The sour smell of insipidness
Even someone who pinned no hopes whatsoever on Benjamin Netanyahu's ability to reinvent himself during his second term as prime minister perhaps hoped - especially after we experienced far worse terms than his - for a certain upgrade concerning his positive aspects. These aspects include relative quiet on the security front, resulting mainly from almost-declared diplomatic procrastination, and so-called pragmatism, resulting from endless rhetorical zigzagging between center and right.
And we could also console ourselves with his character traits that are considered weaknesses around here: hesitancy, flip-flopping, avoiding decisions, and a chronic desire to be liked - traits that delayed or changed impulsive, unbalanced decisions that brought down several of his predecessors.
Therefore, if not for positive reasons, Netanyahu was reelected prime minister because he was the least of all evils: He was remembered as being less harmful than his predecessors. The hope that he had also matured, learned some lessons and changed was a kind of extra bonus. Thanks to this hope, there has also been a relatively forgiving attitude toward the fact that over the past year the prime minister has invested most of his energy in the feverish strengthening of his personal status and the expansion of his coalition. This has reached the point of absurdity, without any other concrete activity.
"It only proves that the man knows how to learn lessons," they said to us. If he learned from the great master of survival, Ariel Sharon, how to feel comfortable in his position, he will probably learn from other greats - Churchill, De Gaulle, Ben-Gurion - how to conduct an overall policy. Just wait, they told us. For now he is only preparing himself, kicking at the ground like a rooster getting ready for some major crowing, which heralds a new and genuine political day.
And now, with strange timing - at the very moment when he has presumably completed all the steps to get settled in his position - the same cloud of insipidness that hovered over his previous term and quickly turned it into a farce has surrounded him again: the "affairs," the maids, the whims and intervention of the "missus," the obsession with image, the white lies and the failures in the functioning of the Prime Minister's Office.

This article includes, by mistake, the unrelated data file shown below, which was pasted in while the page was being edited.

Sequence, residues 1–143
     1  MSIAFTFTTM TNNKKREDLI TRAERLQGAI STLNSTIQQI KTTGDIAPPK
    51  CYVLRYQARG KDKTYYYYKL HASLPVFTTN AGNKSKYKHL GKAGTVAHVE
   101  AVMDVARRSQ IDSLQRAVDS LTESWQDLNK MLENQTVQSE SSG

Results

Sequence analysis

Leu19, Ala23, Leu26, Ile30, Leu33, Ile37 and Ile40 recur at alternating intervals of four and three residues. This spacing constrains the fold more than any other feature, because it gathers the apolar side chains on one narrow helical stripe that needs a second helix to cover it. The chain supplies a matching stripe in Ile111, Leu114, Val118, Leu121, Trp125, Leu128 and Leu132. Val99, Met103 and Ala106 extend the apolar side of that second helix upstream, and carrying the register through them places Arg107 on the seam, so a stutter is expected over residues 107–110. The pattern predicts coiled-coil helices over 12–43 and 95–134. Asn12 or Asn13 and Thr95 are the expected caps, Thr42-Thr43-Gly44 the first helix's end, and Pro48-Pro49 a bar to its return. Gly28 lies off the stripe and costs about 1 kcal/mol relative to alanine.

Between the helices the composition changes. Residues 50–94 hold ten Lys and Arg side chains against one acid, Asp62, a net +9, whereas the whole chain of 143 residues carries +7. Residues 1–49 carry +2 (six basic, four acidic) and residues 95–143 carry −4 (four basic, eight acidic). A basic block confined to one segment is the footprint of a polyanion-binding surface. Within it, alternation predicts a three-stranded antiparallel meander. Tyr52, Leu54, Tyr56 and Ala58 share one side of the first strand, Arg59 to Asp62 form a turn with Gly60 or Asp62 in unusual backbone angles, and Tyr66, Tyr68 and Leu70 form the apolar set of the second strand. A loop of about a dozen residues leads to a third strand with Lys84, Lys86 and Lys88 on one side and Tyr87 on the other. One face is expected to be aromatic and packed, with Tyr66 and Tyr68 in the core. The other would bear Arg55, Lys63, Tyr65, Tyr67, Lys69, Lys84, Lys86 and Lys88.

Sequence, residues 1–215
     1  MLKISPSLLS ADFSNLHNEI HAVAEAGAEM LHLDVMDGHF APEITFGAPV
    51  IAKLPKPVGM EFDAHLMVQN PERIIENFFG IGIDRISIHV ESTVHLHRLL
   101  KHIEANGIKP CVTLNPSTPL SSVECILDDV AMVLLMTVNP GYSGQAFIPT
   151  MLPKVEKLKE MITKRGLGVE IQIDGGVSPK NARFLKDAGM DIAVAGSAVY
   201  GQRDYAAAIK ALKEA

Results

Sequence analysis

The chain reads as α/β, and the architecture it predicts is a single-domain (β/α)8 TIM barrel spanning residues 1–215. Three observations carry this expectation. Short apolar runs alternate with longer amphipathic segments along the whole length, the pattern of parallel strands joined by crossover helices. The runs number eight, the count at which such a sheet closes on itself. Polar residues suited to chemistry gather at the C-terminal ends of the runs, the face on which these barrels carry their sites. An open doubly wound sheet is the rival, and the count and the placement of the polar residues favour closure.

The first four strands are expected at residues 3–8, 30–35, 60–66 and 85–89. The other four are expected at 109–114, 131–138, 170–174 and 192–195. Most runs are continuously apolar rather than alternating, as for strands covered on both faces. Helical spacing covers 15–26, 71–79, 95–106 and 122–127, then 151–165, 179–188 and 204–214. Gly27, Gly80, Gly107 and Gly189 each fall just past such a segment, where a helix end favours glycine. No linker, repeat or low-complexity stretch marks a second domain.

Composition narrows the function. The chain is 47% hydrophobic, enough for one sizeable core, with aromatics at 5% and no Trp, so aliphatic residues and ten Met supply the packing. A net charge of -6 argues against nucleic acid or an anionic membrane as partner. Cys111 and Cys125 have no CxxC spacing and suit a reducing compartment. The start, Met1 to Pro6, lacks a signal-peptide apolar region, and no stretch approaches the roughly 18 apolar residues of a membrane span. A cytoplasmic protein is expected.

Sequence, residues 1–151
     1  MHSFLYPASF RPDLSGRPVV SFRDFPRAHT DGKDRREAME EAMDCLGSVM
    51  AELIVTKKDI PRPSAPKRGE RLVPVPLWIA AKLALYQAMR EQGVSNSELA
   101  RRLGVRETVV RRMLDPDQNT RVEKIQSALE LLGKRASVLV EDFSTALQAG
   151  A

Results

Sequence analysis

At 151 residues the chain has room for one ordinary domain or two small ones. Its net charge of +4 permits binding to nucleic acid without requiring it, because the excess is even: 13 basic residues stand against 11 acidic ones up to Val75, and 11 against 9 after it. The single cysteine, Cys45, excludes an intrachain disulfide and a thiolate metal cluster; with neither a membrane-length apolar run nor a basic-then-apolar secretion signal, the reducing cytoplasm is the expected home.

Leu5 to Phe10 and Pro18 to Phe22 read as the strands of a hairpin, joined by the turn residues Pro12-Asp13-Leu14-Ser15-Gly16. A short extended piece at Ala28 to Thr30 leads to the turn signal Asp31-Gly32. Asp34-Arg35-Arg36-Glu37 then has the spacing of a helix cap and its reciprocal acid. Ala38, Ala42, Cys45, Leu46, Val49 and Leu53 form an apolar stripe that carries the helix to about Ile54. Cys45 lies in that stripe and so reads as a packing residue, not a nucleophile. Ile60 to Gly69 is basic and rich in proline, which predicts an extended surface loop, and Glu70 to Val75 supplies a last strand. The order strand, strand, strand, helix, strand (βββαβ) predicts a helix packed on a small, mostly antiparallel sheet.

Not only have the affairs repeated themselves, so have Netanyahu's words and reactions; it's as if he used cut and paste when he told the media to direct their fire at him and not his wife and children. With these words he repeated in 2010 exactly what he said in 1999 - a statement that could become Netanyahu's permanent motto and legacy. Churchill spoke of blood, sweat and tears; Ben-Gurion of statehood; Netanyahu, in both his terms in office, has spoken of the maid, the mudslinging and Sara.
It's true that he and we deserve more. It's true that there's not much good faith in these revelations and "mudslinging," or at least in the way they are being emphasized. It's true that a war is raging between the tabloids, and it's true that the media has a tendency to turn politics into a soap opera. And yet, what we have here is a kind of optical illusion: It seems as if all these "affairs" are nothing more than petty and malicious roadside explosives; nuisances tearing at the hem of the great leader while he is totally immersed in making peace, managing foreign relations and updating his vision.
But the truth is otherwise: The cloud of nonsense is no coincidence, nor is it merely malicious. Netanyahu is being surrounded by it once again because he brought it on himself, almost invited it - mainly because he is not involved in anything else of significance.
Even when he finally functions, we once again have a person who is only going through the motions of a modern and dynamic prime minister.
In practice he is behaving like the anachronistic Zionist he really is: ethnocentric, traumatized, a slave to symbolism and gestures, big on tree plantings, emoting about anti-Semitism, settlement momentum, the goal of absorbing another 1 million Jews, expelling infiltrators, and gathering in another member into his worthless coalition, which is anachronistic like him.
There are stories about a legendary dish called "kutch-mutch" - a kind of bland cheese concoction that Paula Ben-Gurion would prepare for her husband in his old age, despite his protests. Without any connection to that, Netanyahu should remember: Not everyone who is married to Xanthippe automatically turns into Socrates, and not everyone who eats his wife's foul cooking necessarily becomes an outstanding leader. Before that he has to do a few more things.